This is as good as it gets. With all the lame aspects of the whole 40K mythos; with all the different writers, with different degrees of talent; with all the discrepancies and contradictions between the views of these writers - most 40K books don't rate with the world of literature outside of 40K. They're good or bad compared with each other, but not with the broader world of scifi/fantasy.
And then there's The Talon of Horus. Not merely a great 40K book. Not merely, dare I say, the best 40K book. But an amazing book.
Those who know me would have guessed I'd love it just for the psyker stuff. (Although none of you know me, and those who know me don't know what a psyker is. So nobody would've guessed. lol) ADB's uses of the Art are as varied and inventive as French's in Ahriman: Exile. I didn't know there would be any emphasis on psykers, and hadn't heard of Khayon, until a couple weeks ago. What a joy for me! The subtlety of things like Nefertari! The power of things like the Spear! I also love Khayon's explanations for how this and that aspect of the Eye and warp work. And that's just Khayon! There's also stuff like Sargon and the demon that has the Justaerin.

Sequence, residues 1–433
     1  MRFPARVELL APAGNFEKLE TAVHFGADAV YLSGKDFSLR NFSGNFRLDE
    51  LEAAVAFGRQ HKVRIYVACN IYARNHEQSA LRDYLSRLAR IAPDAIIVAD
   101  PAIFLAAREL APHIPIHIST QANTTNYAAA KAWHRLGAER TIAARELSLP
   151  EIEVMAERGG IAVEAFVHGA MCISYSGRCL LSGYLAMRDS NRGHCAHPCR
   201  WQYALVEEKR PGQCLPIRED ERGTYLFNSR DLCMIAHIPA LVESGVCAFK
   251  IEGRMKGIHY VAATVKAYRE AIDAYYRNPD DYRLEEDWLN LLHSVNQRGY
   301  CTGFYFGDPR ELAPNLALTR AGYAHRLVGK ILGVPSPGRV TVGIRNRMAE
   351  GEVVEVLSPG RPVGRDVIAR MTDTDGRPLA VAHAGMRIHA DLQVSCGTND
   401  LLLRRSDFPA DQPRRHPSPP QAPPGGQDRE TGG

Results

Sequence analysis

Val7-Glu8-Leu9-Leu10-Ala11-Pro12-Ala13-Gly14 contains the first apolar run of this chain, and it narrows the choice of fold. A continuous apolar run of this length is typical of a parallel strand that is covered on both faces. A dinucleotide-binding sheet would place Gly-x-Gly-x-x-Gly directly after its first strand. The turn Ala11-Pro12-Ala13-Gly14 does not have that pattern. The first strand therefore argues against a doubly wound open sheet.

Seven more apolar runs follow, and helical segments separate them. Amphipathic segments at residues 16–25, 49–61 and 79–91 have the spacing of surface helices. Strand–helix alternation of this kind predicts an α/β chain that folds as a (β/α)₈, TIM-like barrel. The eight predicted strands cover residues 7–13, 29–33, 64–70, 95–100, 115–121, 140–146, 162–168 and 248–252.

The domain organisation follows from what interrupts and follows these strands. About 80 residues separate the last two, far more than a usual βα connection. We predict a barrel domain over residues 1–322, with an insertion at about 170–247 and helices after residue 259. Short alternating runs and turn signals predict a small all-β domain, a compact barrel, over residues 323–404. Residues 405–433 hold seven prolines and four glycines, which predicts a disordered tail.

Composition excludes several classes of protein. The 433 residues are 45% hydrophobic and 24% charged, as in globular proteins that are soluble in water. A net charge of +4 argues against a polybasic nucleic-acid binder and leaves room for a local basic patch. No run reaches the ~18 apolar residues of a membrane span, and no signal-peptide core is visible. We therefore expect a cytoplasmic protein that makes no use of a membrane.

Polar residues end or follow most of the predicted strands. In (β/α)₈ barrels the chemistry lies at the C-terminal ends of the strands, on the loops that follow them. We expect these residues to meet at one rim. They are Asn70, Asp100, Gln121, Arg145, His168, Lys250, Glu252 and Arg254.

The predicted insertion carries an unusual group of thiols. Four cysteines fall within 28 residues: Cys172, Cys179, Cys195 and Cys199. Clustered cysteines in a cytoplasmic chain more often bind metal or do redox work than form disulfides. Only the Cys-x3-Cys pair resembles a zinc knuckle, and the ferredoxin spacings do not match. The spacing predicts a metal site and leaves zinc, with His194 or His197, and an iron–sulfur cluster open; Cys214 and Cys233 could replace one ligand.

Psyker stuff aside, it's excellent! The feeling of scope and depth is remarkable. The size of the Eye and the amount of time it takes to travel around. The size of the Vengeful spirit. The amount of time Abaddon's been wandering, and the patience it took. The span of time Khayon talks about to his present-day captors.
Speaking of Khayon's present-day captors, the perspective the story is told from - his present day and situation, alternating with the beginning of the Black Legion - is seamlessly done.
Abaddon himself is better than I'd hoped. I read the first few Horus Heresy books before I knew much about the Horus Heresy or 40K. I was honestly surprised and heartbroken when Abaddon and Aximand went bad. I thought they'd turn back before it was too late. That was my only exposure to Abaddon until now. And here he is, this amazing personality and leader. Wise and patient. And trying to do what he things is, and what just might be, the right thing. Or at least trying to walk the best path he can find.
Where's The Clown? Well done, sir. Well done.